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Beautiful Spotted Lanternfly, a destructive insect

Adult Lanternfly

The lanternfly has been spotted in 14 states: Connecticut, Delaware, Indiana, Maryland, Massachusetts, Michigan, New Jersey, New York, North Carolina, Ohio, Pennsylvania, Rhode Island, Virginia, and West Virginia.

They are invasive; they are a sap feeding pest that can damage trees, agricultural crops and plants. Their most liked plant is the “tree of heaven” . This invasive tree grows on field edges and roadsides. It provides a readily available food source for them, allowing them to multiply and expand their invasive area. They feed in large numbers which can be a nuisance. At this time, it seems their impact is on grapes and other crops such as apples, walnut, oak and pine trees. They are of no danger to humans or pets; they do not bite or sting. The adult spotted lanternfly may be present from June through November.

Tree of heaven
Tree of heaven (blades)

The female adult will lay their eggs on any flat surface including trees, cars, grills and outdoor furniture. The female can lay up to 30 – 50 eggs; the eggs resemble a seed. The female will continue to lay eggs through the fall . All the adult spotted lanternflies will die off when a hard frost arrives. They have 1 cycle of life.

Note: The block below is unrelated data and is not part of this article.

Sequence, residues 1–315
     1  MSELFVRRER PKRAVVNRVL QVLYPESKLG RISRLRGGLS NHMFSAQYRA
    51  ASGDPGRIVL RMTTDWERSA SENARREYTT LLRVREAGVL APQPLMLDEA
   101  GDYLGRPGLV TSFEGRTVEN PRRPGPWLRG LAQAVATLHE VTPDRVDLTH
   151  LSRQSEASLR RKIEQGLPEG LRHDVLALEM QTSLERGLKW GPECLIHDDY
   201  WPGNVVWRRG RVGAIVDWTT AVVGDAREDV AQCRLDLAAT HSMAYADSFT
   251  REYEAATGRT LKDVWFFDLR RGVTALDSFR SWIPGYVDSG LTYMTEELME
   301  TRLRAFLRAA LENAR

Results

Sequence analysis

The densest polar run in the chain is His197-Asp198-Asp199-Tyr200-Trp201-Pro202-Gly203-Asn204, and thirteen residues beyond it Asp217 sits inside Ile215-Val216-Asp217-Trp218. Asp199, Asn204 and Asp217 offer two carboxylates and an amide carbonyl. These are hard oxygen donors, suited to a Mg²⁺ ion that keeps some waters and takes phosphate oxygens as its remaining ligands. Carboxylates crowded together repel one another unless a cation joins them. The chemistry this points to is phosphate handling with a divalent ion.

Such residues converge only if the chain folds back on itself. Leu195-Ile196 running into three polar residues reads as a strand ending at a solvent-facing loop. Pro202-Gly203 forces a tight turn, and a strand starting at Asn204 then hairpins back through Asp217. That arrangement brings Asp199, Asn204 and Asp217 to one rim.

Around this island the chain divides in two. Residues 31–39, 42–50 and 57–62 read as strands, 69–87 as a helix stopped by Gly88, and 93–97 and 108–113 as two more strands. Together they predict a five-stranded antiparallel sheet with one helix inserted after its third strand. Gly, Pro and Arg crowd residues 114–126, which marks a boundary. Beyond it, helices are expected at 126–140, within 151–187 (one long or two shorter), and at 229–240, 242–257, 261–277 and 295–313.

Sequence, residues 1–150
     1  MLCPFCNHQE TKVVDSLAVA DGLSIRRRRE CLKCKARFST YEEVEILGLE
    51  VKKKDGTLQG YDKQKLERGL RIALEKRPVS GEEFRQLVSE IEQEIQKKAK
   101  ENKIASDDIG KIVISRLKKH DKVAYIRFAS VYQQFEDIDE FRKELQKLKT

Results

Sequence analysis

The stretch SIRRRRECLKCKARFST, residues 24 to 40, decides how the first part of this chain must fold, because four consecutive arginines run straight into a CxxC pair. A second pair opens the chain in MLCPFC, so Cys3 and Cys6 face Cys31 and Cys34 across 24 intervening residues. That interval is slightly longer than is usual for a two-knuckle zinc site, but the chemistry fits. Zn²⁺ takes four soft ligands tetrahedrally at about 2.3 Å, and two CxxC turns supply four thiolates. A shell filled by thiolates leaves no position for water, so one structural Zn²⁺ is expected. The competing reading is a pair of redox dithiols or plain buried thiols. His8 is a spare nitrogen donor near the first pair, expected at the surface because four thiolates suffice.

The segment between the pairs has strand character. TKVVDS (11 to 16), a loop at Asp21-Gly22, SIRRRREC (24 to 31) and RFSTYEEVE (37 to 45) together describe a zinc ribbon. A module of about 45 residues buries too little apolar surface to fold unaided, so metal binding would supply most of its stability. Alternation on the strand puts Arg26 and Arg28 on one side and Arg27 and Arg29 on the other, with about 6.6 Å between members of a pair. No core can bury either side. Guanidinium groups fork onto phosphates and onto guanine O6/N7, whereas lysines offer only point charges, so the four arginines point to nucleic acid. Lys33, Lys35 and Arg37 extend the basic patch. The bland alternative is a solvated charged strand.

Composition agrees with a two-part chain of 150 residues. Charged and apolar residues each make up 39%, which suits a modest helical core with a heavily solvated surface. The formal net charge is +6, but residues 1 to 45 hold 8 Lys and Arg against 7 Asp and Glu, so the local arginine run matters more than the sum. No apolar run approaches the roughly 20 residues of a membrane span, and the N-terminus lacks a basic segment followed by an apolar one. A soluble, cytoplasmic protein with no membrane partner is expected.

They will only survive the winter as an egg mass. Some eggs won’t make it to the spring due to predators. Their predators are praying mantises, chickens, garden spiders, gray catbirds, yellowjackets, wheel bugs, garter snakes, and koi fish.

Besides damaging crops, trees and plants they can also make a mess in your yard by excreting the sticky substance that causes the growth of black sooty mold.

Zoysia is safe from the spotted lanternfly. Zoysia grass has no sap in the blades. The spotted lanternfly likes to suck the sugary sap from its host. There has been no evidence of any destruction to Amazoy Meyer Zoysia grass plugs.

There is not a one-size-fits all approach to managing the spotted lanternfly. You can kill spotted lantern flies, by swatting or crushing them. However, they are quick jumpers and will move away quickly when threatened. Vinegar whether diluted with water or not, will kill the spotted lanternfly on contact, not diluting the vinegar will make it more effective. You may wish to try this recipe to rid of the spotted lanternfly: 1 cup vinegar apple cider or white household (your choice) 1 tablespoon salt and a small squirt of liquid soap or dish detergent like Dawn. Again, being careful to not overspray on any plant you care about. This recipe is also good for killing weeds.

Trying to eradicate, or at least reduce populations of, this invasive pest is critical for the health of the ecosystem.